This was an idea that I had around October of 2014 and then I got made redundant at the end of November 2014. Suddenly, I had some free time to work on it. So I spent a couple of days investigating all the various services to see which ones had APIs that I could use to do matching. I then spent the next couple of days after that building a minimum viable product to actually see it all working and just work through the whole thing to see how well it would actually work.

You’ve open sourced the project

Yeah, I open sourced it from the very beginning. I figured since I was already looking for work that it would help in my job hunt. But I was also interested in having a significant open source project that I could work on and maybe gain collaborators on.

Have you had much interest?

I have had one whole pull request on Github, plus I’ve had a couple of issues created reporting bugs and asking for features. One was for browser extensions and I’ve since gone on to build a chrome browser extension.

The Chrome extension seems like a logical step. Any other browsers in the pipeline?

There’s also an open ticket for a Firefox extension and it’s been labelled “help wanted”. I could probably build it myself but it’s not the browser I use so someone else could probably do a better job.

What stage is it at right now?

Basically it’s in this awkward phase of being re-factored a lot.  It was taking about ten seconds to find matches and you’d stare at a blank page while it was doing that. I’ve just pushed an update that displays matches as it finds them. That involved a lot of re-factoring and migrating database schemas and other complicated things so it took me longer than I’d hoped, but it’s totally worth it.

The next step is to figure out how to communicate effectively to people what Match.Audio does. Sometimes the automated matching isn’t great, so I want a way for people to be able to fix them manually. I also have plans for an android app but that’s further down the road.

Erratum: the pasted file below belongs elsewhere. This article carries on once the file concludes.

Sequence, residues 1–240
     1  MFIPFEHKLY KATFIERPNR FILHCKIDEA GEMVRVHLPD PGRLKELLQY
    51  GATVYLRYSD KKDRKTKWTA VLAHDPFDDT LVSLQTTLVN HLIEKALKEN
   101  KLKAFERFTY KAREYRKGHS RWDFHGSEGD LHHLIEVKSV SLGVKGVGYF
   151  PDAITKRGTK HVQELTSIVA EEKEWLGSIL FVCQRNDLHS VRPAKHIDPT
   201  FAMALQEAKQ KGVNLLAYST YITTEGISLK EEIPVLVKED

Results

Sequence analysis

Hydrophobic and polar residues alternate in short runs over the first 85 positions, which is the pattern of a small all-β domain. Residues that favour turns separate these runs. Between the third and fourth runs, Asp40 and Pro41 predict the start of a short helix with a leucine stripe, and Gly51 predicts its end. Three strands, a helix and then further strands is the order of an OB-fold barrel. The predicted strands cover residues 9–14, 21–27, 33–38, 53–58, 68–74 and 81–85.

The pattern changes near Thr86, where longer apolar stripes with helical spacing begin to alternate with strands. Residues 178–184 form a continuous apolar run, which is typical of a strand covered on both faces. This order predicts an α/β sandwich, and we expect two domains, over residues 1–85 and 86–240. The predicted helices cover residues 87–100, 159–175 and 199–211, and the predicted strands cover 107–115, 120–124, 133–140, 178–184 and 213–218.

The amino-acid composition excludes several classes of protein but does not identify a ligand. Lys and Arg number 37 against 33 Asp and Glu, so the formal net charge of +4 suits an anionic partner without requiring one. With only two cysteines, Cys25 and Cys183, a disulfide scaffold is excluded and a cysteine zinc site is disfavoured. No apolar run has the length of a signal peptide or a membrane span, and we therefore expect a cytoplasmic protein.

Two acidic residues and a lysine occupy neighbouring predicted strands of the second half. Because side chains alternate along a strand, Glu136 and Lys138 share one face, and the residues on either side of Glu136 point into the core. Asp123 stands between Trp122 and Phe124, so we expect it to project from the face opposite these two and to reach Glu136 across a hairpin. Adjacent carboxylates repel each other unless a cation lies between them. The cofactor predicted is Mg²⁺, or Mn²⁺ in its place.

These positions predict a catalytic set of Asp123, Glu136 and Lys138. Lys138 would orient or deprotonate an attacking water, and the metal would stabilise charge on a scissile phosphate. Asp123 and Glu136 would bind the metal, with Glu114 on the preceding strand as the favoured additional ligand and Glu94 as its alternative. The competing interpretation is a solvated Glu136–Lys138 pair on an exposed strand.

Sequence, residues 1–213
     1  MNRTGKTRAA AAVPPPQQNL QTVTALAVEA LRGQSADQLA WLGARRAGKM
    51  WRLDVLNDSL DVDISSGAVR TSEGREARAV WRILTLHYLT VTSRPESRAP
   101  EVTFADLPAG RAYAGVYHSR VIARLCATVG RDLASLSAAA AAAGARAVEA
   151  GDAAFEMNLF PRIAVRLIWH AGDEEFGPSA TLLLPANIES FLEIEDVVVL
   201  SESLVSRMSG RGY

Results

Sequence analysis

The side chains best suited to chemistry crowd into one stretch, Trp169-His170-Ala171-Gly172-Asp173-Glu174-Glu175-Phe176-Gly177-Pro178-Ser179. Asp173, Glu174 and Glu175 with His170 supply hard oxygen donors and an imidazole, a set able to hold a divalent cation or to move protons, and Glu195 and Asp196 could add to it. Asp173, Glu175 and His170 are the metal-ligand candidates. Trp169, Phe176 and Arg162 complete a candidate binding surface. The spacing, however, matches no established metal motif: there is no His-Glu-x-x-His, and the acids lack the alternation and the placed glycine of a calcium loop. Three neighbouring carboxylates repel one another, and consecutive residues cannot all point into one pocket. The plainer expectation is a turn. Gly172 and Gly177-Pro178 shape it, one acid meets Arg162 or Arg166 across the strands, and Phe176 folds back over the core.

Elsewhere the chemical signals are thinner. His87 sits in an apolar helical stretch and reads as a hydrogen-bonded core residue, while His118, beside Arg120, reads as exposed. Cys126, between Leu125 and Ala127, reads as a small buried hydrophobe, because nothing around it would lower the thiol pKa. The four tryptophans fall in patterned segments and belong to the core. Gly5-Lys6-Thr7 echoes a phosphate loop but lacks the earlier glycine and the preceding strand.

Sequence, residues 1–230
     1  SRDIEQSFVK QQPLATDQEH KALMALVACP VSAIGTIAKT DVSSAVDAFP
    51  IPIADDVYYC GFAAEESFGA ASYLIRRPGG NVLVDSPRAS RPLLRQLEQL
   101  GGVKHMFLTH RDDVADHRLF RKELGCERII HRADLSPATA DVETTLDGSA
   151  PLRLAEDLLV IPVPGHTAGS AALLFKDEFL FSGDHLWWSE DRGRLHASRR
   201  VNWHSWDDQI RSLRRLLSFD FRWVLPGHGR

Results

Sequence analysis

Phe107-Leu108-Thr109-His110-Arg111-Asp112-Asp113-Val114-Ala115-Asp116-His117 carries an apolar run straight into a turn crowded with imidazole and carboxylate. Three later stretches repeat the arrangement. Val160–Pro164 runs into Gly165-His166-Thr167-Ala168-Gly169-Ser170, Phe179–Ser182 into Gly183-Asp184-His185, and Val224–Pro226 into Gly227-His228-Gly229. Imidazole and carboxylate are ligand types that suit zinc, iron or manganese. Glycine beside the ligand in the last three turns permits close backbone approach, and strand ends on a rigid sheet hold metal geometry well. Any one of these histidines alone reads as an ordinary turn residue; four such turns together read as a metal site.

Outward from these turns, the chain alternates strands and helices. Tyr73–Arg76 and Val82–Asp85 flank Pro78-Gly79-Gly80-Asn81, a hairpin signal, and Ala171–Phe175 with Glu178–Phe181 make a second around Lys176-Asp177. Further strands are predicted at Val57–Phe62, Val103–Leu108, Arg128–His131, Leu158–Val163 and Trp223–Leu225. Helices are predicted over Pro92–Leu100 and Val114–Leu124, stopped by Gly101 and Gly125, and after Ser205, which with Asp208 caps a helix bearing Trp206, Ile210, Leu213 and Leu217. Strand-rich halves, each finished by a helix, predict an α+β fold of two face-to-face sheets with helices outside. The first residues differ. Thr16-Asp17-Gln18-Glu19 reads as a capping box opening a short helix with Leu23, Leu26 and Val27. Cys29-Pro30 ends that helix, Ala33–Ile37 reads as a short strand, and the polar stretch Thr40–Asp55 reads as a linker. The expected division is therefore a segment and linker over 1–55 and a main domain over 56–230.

Who do you feel will benefit most from match.audio?

I built match-audio to scratch my own itch. It’s great that some techy music enthusiasts have found it useful too, but I didn’t really have a target audience in mind.

You’re coming to the end of your job hunt. Do you still think you’ll be able to invest time in match-audio to support and develop it?

Sure, but I won’t be able to do a week-long sprint, but a lot of that exploratory work is done now and that’s the hardest part. It’s almost at the stage now where I can just hack on it on occasion without needing to invest as much into it.

The subscription music model is a bit of a movable feast at the moment, things are changing very quickly.

I think this is where it being open source comes in. Anyone can contribute fixes to the matching libraries and submit bug reports and all the additional effort I’d have to do myself on detecting and fixing these issues on some level can be done by other people.

Is there scope for monetisation?

I don’t think it makes a very good acquisition target because it doesn’t do anything to lock people in to a particular subscription service. If anything, it makes it easier to move from one to another. The only monetisation strategy I have is for using referral links for the services but I don’t expect it to cover its costs.

Do you have anything you’d like to add?

I highly recommend people use the free time they get from being made redundant productively like this. I’ve been told I’ve been able to skip technical interviews because of it. It has sped up the whole interview process everywhere – as well as making it easier to share music with my friends.